Did you know that you're eating microplastics?

The fact that, every year, humans pour 5 to 13 million tons of plastic into the oceans is starting to harm the sea products we consume.
The conclusion is from a study led by Professor Ali Karami of the Faculty of Medicine and Health Sciences of Putra University in Malaysia. In an article published in the journal Nature, the expert explains that the plastic lying in the sea breaks down into tiny particles, the so-called microplastics, which then return to the earth via, for example, salt.
To carry out the study, the researchers extracted and analyzed microplastic particles from 17 salt brands originating in eight different countries.
According to the study, only one brand had no presence of microplastics. The others had between one and 10 microplastics per kilo of salt.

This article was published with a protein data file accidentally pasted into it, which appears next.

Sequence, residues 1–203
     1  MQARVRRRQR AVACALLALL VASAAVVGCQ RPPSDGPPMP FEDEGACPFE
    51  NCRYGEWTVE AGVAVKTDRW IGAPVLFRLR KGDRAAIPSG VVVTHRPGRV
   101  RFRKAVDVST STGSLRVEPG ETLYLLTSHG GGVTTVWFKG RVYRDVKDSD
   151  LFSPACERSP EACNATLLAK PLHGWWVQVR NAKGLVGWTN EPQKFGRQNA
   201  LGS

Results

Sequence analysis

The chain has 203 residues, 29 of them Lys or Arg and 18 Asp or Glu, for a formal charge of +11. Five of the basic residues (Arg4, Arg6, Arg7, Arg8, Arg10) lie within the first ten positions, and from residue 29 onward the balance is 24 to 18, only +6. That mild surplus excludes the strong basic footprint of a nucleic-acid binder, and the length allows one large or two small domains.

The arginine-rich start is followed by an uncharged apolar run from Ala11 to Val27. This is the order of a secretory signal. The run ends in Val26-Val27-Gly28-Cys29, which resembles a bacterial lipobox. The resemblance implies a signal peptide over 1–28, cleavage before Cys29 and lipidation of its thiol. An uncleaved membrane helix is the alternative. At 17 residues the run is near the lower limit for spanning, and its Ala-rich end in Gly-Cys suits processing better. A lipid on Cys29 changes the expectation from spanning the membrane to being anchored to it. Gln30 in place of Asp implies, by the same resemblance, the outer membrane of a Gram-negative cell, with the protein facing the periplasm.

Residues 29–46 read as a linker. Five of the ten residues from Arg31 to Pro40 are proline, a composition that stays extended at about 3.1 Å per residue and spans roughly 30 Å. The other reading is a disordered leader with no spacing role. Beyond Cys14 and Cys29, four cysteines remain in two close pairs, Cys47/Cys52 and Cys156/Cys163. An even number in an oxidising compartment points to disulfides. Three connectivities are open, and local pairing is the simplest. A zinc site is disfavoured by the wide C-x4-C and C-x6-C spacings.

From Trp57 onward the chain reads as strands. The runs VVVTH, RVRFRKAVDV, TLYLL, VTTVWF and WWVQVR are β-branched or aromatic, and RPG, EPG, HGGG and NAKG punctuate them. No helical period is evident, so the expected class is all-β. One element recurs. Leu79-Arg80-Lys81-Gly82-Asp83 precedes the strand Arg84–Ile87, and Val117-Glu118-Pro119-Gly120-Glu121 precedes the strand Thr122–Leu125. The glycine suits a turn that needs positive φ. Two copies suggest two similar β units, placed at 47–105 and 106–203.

Did you know that you're eating microplastics?
Of the 72 particles removed from the samples, 41.6% were plastic polymers, 23.6% were pigments and 5.5% were free carbon, and 29.1% could not be identified.
"Microplastics can be a health concern because they are made up of dangerous chemicals and microorganisms," the report said.
Professor Ali Kamari also points out that "further advances in isolation techniques are needed to quantify microplastic particles before a more accurate assessment of the impacts of salt consumption is made."
"The results of this study do not show a significant load of microplastics [...] and therefore do not show health risks associated with salt consumption," the researcher said.